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October 2010

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This article is in the news archives --- for current news go to the Third Branch News.


Inventory Control System Locally Grown

For the first time, a court-developed property inventory system has been selected for national support by the Judiciary. Fully automated and web-based, the Judiciary Inventory Control System (JICS) tracks property purchased with court funds, everything from copiers and paper shredders to furniture and computers. With a direct link to the Judiciary’s financial accounting system (FAS4T) database, it can automatically import information, and it even has a bar-coded label system for use with a handheld scanning device, among other features.

Nearly three years ago, the Northern District of New York created JICS for their own use.

“It quickly became apparent there was a need for such a system Judiciary-wide.”

—Clerk of Court Larry Baerman

“It quickly became apparent there was a need for such a system Judiciary-wide,” said Clerk of Court Larry Baerman. The district court applied for funding from the Edwin L. Nelson Local IT Initiatives Grant Program to add capabilities and complete development of the system. Today, 115 court units use JICS.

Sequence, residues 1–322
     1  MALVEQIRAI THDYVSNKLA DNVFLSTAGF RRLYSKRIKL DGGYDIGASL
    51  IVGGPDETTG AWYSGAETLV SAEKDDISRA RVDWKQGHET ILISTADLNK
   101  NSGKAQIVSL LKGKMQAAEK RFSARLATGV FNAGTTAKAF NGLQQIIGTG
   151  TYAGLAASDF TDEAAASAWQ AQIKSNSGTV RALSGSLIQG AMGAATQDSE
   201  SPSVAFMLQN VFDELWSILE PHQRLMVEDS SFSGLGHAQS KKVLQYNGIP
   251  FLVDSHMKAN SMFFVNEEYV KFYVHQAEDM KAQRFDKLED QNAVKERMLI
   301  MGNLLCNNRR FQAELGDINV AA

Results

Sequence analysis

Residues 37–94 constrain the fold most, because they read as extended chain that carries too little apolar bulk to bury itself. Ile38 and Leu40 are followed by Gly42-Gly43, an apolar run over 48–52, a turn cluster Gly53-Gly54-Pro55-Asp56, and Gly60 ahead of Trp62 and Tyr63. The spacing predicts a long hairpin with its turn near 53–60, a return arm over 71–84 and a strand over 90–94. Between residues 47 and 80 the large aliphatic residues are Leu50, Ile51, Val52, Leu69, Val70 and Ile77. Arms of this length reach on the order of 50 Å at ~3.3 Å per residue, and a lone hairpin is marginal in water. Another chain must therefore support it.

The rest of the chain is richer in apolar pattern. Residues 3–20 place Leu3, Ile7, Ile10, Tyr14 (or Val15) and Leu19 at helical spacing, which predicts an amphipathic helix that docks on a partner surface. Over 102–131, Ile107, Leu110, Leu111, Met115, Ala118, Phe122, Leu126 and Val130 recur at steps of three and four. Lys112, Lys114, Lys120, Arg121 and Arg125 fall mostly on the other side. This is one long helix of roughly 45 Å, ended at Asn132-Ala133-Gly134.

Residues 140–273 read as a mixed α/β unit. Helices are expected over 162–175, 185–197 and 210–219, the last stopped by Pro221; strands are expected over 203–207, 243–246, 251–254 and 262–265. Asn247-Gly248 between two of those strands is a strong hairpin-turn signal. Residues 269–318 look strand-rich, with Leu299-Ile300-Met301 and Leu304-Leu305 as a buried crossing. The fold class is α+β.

Some courts have used off-the-shelf programs to track inventory, and some have done it the old-fashioned way, on paper. Why would a court use JICS? 

“Simply put, using this software strengthens internal controls and keeps a more accurate account of court assets,” said Baerman. “With automated file transfer from FAS4T to populate the inventory control system, courts use the information that’s already been entered to improve the oversight of court assets. It eliminates redundant data entry and makes better use of available resources. And given the lean budgetary times, we need to look at ways to improve productivity.”

Another convincing argument for JICS: potentially fewer audit findings related to inventory. Non-compliance with Judiciary guidelines on property management and disposal ranks in the top five of findings in audits of court units. According to Denise Marks, Furniture Program Manager, Space and Facilities Division at the Administrative Office, courts using JICS have had far fewer inventory-related audit findings. 

Courts that wish to implement JICS may download the program from the Northern District of New York’s website, along with training materials. Once JICS is in use at a court, access to live data is available via Blackberry or any web-enabled device with a connection to the Judiciary’s Data Communications Network. Help Desk support will be available from 8:30 a.m. to 8 p.m. Monday through Friday.